Your say / The University of Bristol

‘Standing by our lecturers has made me realise just how important our universities are’

By robin boardman, Wednesday Mar 7, 2018

When I stepped out of the student bubble, I found the world bursting in chaos. Like many, I find simple peace in the love of those around me and in the good deeds of those who aren’t. The 12 Americans, for example, who campaigned for decades to end the US’s involvement in East Timorese genocide. The thousands of people from different backgrounds and beliefs who joined Martin Luther King on his second march to Montgomery. The 120 women that are currently on hunger strike at Yarl’s Wood detention centre. History won’t remember the names of these people but our future lies in their footprints. To stand aside in the face of social injustice is to hide in their shadows.

To be honest, I didn’t think the revolution could start with lecturers’ pensions. My fight began with the governments and institutions around us that threaten human existence. They threaten to tear this beautiful planet apart by investing in the businesses that do so; fossil fuel companies. The University of Bristol currently invests over £700,000 into these companies despite the World Bank, the City of New York and even Edinburgh University doing the exact opposite, divesting from fossil fuels. The Universities Superannuation Scheme, the lecturer’s private pension fund managers, invest over £750 million.

Looking around me on the picket lines, I’ve found myself chanting alongside familiar voices in the same struggles against such destructive investments. In the same spirit in which we fought for divestment, many of the same voices remain united for wider change. As senior management continued to ignore us as students calling for divestment, I felt my heart go out to the lecturers on the picket lines. The struggle for social justice and our planet’s security became one in the same.

Our voices must be heard. If we stand by while by our lecturers lose their pensions, or better put, their unpaid wages, we stand to lose sight of the world we wish to create. Solidarity and morality must guide our institutions. We can’t lose them and the wonderful people that make them to ill-thought out risk assessments. The ethics against abandoning staff and destroying our environment have been lost in the graphs of profit.

Fifty hours into our occupation, I can see the timescale for change. Standing by our lecturers has made me realise just how important our universities are. They are fundamental to the formation of so many minds and hearts. I see that right in here in our occupation of the University’s senior management team’s offices. The collective decisions that we have come to as a group in this process are the building blocks of a movement, and its progress we wish to see in the world. A world where power is both transparent and accountable. Where our cause goes beyond the picket line – where our cries for change are carried from the polling booths to the houses of government.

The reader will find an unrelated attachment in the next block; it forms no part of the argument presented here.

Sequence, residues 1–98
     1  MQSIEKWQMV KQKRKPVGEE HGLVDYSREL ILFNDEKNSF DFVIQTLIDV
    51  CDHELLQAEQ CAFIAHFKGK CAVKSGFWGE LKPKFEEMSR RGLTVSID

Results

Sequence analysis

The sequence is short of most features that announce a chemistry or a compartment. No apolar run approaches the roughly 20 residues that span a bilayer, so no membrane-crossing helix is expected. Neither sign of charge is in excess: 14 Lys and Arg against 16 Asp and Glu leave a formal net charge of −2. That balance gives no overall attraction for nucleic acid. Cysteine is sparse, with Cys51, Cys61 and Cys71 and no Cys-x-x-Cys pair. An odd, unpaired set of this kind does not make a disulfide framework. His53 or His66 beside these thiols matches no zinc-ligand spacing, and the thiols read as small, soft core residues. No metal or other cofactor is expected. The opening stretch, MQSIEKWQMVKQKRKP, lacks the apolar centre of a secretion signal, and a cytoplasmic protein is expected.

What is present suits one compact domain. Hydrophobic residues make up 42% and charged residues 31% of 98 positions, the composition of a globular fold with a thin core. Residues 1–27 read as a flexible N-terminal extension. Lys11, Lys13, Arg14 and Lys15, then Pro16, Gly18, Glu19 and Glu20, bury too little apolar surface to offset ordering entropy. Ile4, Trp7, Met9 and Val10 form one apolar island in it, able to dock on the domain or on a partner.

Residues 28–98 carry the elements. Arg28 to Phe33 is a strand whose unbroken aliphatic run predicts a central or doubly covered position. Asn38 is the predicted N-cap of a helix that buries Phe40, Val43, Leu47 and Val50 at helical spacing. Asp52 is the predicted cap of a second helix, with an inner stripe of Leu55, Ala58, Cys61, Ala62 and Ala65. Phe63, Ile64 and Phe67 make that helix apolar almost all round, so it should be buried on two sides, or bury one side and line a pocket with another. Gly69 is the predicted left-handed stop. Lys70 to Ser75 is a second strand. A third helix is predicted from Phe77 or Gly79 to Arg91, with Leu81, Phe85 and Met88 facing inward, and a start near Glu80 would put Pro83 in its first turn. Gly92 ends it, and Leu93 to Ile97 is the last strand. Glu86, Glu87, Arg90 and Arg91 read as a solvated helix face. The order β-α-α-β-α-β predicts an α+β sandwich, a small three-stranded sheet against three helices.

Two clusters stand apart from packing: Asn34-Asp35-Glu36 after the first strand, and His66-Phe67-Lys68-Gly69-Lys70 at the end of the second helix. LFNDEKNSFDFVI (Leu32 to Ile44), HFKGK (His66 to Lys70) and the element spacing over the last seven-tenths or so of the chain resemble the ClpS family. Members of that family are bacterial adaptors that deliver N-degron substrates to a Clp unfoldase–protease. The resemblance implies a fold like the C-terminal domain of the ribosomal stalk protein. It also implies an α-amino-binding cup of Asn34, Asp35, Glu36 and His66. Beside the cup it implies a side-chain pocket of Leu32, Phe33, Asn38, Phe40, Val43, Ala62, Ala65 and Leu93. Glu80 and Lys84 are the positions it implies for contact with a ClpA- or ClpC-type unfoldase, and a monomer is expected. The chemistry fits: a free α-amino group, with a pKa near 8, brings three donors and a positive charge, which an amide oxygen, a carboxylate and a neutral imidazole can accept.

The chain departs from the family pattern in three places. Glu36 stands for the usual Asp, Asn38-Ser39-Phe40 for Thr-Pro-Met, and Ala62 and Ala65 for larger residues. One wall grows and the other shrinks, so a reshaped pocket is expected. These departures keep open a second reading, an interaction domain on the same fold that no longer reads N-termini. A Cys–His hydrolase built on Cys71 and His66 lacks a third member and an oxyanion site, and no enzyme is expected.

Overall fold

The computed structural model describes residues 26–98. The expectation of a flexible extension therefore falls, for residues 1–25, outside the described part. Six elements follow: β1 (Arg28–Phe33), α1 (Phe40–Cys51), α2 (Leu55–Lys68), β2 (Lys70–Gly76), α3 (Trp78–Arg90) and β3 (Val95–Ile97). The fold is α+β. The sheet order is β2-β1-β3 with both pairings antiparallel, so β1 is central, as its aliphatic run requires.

Breaking into this building was a step towards shedding light on the power that controls us. Its £21,000 interactive whiteboards and post-it notes to save energy highlight the hypocrisies in its structure. The occupation brings us into the space that power dominates and allows to us to explore and break down its hierarchies. There are 20,000 people in our university. The majority of them can’t create the world they wish to see because a few in senior management see things differently. It is time for us, the students and staff, to guide that vision for our university.

What have we achieved? As a group we have forced Vice-Chancellor Hugh Brady to the meeting table where we expressed both student and staff concerns. From this first meeting we have opened new discussion between the university and the lecturers’ union, the UCU, on their guidance around financial measures taken in accordance with the strike and working to contract; a proposal to withhold deductions over two-t0-three pay periods and that all withheld salary pay be placed into student hardship funds. These conversations could not have been had on the picket lines or in the rallies. They also would have not have been possible without them. To win, we have brought our agenda to his table.

Standing on the fifth floor balcony with a flare in my hand, our causes united, I felt my heart beat with those that stood in the rally below. We are one in the same. We are the ones that will fight for the world we want to see. We are the ones who will win.

Robin Boardman is a student at the University of Bristol and part of the group of students occupying the offices of senior management staff in solidarity with lecturers striking over changes to their pensions.

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